Building Multi-modal Crime Profiles with Growing Self Organising Maps

  • Yee Ling BooEmail author
  • Damminda Alahakoon
Part of the Studies in Computational Intelligence book series (SCI, volume 555)


Profiling is important in law enforcement, especially in understanding the behaviours of criminals as well as the characteristics and similarities in crimes. It could provide insights to law enforcement officers when solving similar crimes and more importantly for pre-crime action, which is to act before crimes happen. Usually a single case captures data from the crime scene, offenders, etc. and therefore could be termed as multi-modality in data sources and subsequently has resulted a complex data fusion problem. Traditional criminal profiling requires experienced and skilful crime analysts or psychologists to laboriously associate and fuse multi-modal crime data. With the ubiquitous usage of digital data in crime and forensic records, law enforcement has also encountered the issue of big data. In addition, law enforcement professionals are always competing against time in solving crimes and facing constant pressures. Therefore, it is necessary to have a computational approach that could assist in reducing the time and efforts spent for the laborious fusion process in profiling multi-modal crime data. Besides obtaining the demographics, physical characteristics and the behaviours of criminals, a crime profile should also comprise of crime statistics and trends. In fact, crime and criminal profiles are highly interrelated and both are required in order to provide a holistic analysis. In this chapter, our approach proposes the fusion of multiple sources of crime data to populate a holistic crime profile through the use of Growing Self Organising Maps (GSOM).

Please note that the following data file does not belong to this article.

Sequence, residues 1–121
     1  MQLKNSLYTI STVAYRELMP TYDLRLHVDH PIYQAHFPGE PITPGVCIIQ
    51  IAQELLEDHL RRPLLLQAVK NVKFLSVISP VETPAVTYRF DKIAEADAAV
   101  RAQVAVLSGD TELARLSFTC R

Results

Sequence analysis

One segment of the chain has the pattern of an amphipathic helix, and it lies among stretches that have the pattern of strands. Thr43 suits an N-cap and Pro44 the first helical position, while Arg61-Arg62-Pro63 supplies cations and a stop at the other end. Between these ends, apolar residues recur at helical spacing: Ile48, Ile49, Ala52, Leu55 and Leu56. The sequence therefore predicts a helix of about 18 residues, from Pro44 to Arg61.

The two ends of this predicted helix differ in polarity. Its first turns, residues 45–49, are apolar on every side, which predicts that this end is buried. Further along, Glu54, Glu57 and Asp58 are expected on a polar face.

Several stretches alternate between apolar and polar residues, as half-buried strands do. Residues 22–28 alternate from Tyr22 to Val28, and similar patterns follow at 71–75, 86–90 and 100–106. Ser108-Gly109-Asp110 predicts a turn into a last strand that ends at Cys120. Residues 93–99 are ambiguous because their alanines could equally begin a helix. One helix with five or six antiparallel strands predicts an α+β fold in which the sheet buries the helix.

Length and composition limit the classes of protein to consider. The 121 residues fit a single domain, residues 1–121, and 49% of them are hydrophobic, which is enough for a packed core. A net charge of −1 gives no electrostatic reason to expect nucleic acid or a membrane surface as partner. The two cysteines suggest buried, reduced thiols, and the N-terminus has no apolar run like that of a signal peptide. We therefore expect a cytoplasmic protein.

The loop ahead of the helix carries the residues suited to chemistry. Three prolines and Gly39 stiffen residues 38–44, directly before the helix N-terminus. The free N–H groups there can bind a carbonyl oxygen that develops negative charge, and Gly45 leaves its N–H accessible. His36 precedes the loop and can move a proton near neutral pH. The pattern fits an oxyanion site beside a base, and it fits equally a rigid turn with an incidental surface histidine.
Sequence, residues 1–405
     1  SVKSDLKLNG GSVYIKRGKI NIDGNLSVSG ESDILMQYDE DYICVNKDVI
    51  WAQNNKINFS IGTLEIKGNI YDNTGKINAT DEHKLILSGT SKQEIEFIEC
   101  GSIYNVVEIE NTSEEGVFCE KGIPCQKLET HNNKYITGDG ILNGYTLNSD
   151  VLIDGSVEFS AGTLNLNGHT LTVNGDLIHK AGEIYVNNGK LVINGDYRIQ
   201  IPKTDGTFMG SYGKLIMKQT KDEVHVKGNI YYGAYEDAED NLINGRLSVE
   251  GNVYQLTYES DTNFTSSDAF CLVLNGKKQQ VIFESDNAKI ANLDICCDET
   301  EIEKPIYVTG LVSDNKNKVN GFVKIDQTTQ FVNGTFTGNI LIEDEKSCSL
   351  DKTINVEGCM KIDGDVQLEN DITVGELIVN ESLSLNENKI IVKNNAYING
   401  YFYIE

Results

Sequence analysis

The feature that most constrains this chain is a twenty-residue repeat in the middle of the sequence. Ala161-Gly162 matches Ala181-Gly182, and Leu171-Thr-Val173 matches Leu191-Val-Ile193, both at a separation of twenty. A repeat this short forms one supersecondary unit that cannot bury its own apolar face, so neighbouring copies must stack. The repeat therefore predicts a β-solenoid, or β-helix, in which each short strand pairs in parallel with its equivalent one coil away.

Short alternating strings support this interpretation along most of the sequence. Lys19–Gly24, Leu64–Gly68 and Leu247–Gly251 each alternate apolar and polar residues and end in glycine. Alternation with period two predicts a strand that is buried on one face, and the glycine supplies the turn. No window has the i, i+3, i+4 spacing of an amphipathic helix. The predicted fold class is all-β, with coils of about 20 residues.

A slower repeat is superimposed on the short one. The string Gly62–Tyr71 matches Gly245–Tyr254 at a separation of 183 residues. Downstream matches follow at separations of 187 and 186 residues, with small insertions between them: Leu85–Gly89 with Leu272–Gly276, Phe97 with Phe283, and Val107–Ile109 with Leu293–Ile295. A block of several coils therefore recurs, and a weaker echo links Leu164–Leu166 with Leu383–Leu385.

crime profiling multi-modal data mining data fusion artificial neural networks growing self organising maps 


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© Springer International Publishing Switzerland 2014

Authors and Affiliations

  1. 1.School of Information and Business Analytics, Faculty of Business and LawDeakin UniversityVictoriaAustralia

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